There’s a progression to off-season training (that follows some time away from the game) in every sport. In hockey, that means rebuilding what you’ve lost from the previous season, aiming for heavier weights and more reps, and shifting from raw power to quickness towards the end of summer. Being monsterously strong is a neat concept, but not when it makes you a slug.
Part of the graduation from power to quickness involves a crazy concept: skating with hockey skates on ice.
I’ve never mentioned this in a blog post before, but I used to play hockey. And with the wealth of knowledge I gained over that time, I can bring you this insight: skating on ice is an important skill for hockey players. Read on for more.
In all seriousness, what I didn’t really get about great NHL players and the way they train is their general disdain for incorporating skating into their summer regimens. I basically skated year round, using the logic that “to be a good hockey player, I should work on my hockey game.” They did not agree with my thinking on this.
Living in Kelowna, you would see the progression of the summer hockey game slowly move from slugs to stars (May to September), and realize that there’s a direct correlation between success in hockey and how early guys would skate, I assume because raw talent is raw talent and the best could afford to take a break.
At the start of the summer it would be me and four-to-six other guys playing half-ice three-on-three. We were fringe pros and European players and desperate goalies. The game would slowly grow until there were subs, then we were 5-on-5, then we were a full-on, full-ice hockey game.
By June you’d see some lesser pros get in the mix. In July, your fringe NHLers and AHLers would start trickling in. And in August – on August 1st, as in today, specifically – all the best players in the world hit the ice. If you’re going to pick an arbitrary day to get back at ‘er, two months before opening night is as good as any.
There are exceptions to this of course; some guys at the highest level just love to play too. But most of them figure they skate so often over so many months of the season (often twice a day between morning skate and games) that if there’s other ways to stay fit and get better, they’d take them. They need the mental break, where I felt I couldn’t afford to take one.
So today, the Capital News Center in Kelowna will be riddled with great NHL pros playing terribly. I mean, the hockey is just awful. Dany Heatley is notorious for toe-picking once or twice on his first day back on the ice.
On August 1st the ice surface there is so packed with guys that they occasionally ask the youngest, “least important” members to beat it (it happened once to me when I was in junior). I know that’s seriously harsh, but they get a deal on the ice (the rich get richer) thanks to who the big names are, so the small fish are the first to fry.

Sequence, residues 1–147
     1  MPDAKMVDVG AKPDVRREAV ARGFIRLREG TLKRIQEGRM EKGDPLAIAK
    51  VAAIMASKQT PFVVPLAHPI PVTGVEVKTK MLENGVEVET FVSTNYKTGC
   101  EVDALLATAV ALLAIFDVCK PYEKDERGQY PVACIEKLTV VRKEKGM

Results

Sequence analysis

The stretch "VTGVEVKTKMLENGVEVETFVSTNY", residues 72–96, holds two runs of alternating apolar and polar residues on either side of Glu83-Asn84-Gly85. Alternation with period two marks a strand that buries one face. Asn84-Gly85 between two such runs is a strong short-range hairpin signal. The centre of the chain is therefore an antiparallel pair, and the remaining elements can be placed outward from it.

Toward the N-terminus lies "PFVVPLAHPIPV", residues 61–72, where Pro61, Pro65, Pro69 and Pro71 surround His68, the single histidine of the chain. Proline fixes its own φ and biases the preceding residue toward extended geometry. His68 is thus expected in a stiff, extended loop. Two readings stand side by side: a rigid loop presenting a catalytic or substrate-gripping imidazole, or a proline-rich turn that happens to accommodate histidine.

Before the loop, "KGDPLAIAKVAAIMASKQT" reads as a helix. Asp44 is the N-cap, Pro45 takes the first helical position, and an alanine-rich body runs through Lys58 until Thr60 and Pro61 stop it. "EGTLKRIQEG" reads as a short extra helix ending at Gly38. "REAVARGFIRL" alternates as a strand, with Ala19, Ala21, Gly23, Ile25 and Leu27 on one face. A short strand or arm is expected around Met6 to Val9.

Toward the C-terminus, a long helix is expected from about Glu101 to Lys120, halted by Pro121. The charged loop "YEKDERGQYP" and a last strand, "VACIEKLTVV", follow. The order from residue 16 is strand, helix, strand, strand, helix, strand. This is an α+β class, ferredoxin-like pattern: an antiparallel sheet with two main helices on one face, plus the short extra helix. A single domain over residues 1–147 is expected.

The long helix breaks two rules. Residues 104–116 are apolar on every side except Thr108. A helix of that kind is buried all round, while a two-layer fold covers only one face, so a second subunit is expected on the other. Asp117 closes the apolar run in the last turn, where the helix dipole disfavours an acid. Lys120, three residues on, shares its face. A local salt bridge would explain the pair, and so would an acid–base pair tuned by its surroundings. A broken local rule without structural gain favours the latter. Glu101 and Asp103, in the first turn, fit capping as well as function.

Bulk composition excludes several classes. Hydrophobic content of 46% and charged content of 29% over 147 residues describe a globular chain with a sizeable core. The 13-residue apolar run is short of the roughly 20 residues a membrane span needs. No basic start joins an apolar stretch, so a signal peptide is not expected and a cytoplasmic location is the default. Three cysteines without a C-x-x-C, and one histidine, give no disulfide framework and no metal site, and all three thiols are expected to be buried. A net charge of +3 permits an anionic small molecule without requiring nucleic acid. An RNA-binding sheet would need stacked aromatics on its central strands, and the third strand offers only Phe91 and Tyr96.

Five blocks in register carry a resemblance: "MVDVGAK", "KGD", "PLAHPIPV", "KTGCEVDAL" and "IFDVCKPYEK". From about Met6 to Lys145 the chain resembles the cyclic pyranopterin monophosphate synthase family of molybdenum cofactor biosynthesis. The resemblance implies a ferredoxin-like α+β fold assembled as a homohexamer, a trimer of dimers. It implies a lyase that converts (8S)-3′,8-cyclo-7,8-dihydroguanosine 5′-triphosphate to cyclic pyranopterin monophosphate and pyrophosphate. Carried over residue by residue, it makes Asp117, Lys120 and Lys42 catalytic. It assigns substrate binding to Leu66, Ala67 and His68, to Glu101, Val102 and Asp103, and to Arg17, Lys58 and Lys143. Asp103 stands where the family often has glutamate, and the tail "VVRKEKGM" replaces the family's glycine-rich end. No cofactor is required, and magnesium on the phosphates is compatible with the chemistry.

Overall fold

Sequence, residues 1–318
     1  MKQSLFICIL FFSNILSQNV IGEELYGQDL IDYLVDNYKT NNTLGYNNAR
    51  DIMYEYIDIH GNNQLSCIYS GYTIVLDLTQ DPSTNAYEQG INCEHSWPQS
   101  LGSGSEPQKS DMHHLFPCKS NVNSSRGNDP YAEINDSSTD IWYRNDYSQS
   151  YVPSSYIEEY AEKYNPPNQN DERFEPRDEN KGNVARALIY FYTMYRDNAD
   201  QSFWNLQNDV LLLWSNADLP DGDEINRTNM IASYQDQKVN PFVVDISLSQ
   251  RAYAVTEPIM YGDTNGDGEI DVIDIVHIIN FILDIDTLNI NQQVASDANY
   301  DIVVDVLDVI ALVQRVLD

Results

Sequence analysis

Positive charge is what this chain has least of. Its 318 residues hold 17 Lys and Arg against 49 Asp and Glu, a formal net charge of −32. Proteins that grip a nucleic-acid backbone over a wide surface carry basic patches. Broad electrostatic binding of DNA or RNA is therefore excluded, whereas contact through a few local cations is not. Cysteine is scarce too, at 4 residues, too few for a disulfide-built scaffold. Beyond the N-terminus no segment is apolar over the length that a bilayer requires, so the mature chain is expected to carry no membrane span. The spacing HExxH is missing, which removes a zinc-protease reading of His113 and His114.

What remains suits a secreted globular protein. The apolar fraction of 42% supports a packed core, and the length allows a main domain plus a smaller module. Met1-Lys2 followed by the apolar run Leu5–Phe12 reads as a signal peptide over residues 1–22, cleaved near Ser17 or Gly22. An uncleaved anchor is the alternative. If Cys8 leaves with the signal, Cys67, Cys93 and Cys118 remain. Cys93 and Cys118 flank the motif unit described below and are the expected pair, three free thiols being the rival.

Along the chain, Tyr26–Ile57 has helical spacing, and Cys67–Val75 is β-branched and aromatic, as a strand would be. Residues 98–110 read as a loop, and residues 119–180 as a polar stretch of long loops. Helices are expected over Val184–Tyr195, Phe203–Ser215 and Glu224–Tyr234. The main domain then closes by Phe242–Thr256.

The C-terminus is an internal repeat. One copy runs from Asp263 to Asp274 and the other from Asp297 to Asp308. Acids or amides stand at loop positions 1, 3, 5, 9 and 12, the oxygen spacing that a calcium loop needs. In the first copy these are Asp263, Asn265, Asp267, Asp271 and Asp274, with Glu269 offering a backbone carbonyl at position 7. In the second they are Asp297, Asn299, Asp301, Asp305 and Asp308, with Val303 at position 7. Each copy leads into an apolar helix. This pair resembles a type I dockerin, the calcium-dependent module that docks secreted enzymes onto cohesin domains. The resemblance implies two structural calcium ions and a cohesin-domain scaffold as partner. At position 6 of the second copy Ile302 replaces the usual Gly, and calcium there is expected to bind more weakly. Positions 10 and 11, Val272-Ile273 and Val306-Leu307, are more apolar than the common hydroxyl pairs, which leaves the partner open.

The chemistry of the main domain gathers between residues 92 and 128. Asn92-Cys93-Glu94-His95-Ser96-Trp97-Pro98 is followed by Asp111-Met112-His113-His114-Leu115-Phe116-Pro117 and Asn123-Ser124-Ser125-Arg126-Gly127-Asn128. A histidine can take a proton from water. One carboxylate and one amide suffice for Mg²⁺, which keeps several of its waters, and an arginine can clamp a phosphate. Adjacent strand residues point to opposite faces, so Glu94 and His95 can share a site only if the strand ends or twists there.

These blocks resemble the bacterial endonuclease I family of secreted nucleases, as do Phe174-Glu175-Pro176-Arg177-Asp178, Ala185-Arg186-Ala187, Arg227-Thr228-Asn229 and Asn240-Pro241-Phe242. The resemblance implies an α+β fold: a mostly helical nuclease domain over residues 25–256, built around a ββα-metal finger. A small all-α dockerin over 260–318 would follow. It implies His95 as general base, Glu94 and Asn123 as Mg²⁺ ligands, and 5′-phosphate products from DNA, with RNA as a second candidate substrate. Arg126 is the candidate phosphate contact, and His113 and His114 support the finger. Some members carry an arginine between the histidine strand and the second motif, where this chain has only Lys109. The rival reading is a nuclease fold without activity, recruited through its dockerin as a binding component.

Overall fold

I figured I’d share a couple notes from summer hockey in Kelowna:
Dany Heatley, Duncan Keith, Shea Weber, Scott Hartnell, Scotty Upshall, Ryan Getzlaf, Josh Gorges and way, way more show up to play. They used to give me the puck like I was a Make-A-Wish kid everyone wanted to see score. You can do it, little guy! I did not care for this.
Heatley makes poor decisions
I mentioned the toe-picks. He’s also unafraid to take slapbombs through ankles (a big no-no among dudes just trying to get in shape in a game that doesn’t actually matter), and he’s not afraid to go high-and-hard on the random fill-in teen goalie who’s less effective than a Shooter Tutor. This is also a no-no.
They call Duncan Keith “Bambi” there
He kind of bounds about when he skates. It’s ridiculously effective, whatever it is.
Games to five, then switch goalies. Goalies are KEY. If you get one pro, and one fill-in, the pro-less side has zero hope. They play “possession” ala basketball too. You score, the other team “ices” the puck down to your end, and away you go again.
Most drop-in and rec hockey consists of guys trying to maximize their ice time, because they paid to play. Somehow they don’t realize that if everyone just changes quick, you get the same ice, plus you’re fresh. These guys get that.
Mitch Fritz is a goal-scoring machine
Remember him? 6’8″ tough guy in the show for awhile. You don’t realize how skilled some of the lesser names are until you see a no-contact shinny game. Blake Comeau might have the best hands of anyone out there.
You don’t want to be the guy wearing your team colours head-to-toe as in “CHECK OUT WHERE I PLAY I’M IN THE NHL.” It’s kinda bad form. You can’t really hide it with NHL guys who have all their team gear with them, but most guys flip their jersey inside out anyway. It’s a weird, sort of respect thing, like there’s no status during the game, whether you’re flipping a WHL or NHL jersey inside-out. Part of hockey’s pseudo-modest culture, maybe.
Pass before shooting
Goalies hate playing in this game, because guys pass up clean looks to attempt back-door tap-ins all day. You get yelled at for that in-season, so it’s fun to try to be the Harlem Globetrotters in the summer.
Games like this aren’t just happening in Kelowna, they’re happening all over the world.
August 1st has kind of become the unofficial start of hockey season. The fans won’t see the guys for awhile, but as of today, the real work starts for players.